The availability of finance for small companies is improving, but at an increasingly prohibitive cost, according to a survey to be published this morning by the EEF manufacturers' organisation.
The findings question the effectiveness of the Government's "Project Merlin" agreement with the banks designed to unlock lending and smooth public anger over bonuses, the EEF says.
Although the balance of companies reporting easier access to lines of credit shows slight improvement in the first quarter, the improvement is offset by the 32 per cent reporting a hike in credit costs, up from 19 per cent in the previous three months.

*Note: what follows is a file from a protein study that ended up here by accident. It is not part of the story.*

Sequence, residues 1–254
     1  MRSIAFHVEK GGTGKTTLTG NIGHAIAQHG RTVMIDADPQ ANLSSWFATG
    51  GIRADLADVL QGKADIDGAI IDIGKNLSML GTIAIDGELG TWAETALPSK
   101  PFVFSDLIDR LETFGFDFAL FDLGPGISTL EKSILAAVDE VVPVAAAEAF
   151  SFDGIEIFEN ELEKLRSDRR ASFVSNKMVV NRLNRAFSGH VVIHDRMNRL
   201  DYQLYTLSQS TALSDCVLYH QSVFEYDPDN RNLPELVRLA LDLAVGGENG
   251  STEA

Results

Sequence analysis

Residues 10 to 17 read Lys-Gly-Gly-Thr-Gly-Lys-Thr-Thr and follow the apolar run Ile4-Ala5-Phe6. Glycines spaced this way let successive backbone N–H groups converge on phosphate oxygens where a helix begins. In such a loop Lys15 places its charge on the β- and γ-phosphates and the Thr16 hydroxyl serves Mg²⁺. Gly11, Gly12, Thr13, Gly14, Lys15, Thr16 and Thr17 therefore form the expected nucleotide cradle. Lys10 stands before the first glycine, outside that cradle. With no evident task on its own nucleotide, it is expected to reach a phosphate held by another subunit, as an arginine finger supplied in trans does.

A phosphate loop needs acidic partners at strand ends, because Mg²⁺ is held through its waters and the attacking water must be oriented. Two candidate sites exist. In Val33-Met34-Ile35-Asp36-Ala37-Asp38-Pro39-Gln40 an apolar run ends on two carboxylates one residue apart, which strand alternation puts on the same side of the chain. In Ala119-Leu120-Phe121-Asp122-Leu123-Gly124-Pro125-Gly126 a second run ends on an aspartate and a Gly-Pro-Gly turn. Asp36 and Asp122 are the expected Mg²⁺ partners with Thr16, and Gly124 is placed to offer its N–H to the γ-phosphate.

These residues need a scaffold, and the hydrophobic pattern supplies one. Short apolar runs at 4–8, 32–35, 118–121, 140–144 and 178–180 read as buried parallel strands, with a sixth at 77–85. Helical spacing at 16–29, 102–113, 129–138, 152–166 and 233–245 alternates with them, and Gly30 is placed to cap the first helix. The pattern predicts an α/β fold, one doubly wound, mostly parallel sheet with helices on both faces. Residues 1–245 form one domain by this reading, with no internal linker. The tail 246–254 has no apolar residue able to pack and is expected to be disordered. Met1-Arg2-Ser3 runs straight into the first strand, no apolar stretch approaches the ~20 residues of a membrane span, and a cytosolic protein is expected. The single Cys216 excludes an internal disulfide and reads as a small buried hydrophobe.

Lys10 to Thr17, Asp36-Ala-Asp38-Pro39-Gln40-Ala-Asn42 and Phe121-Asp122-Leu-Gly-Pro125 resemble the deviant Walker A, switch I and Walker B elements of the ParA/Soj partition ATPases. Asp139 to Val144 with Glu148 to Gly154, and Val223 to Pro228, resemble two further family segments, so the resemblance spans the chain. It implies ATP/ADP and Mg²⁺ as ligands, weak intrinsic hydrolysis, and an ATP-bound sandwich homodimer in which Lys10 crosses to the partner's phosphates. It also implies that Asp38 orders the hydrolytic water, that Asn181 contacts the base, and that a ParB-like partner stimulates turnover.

More than a third of manufacturers reported an increase in the cost of new finance, the EEF says. Meanwhile, more than a quarter are expecting to need more external finance over the next 12 months.
"The improvement in lending towards the end of last year seems to have been short-lived," Lee Hopley, the EEF chief economist, said. "Until we see measurable progress on both cost and availability of credit, access to finance will remain the weak link in the Government's strategy for growth."
Smaller companies are facing tougher times than their larger counterparts. The proportion of small firms seeing an increase in borrowing fees rose from 17 per cent to 32 per cent, but only 6 per cent of larger groups reported a rise.Reuse content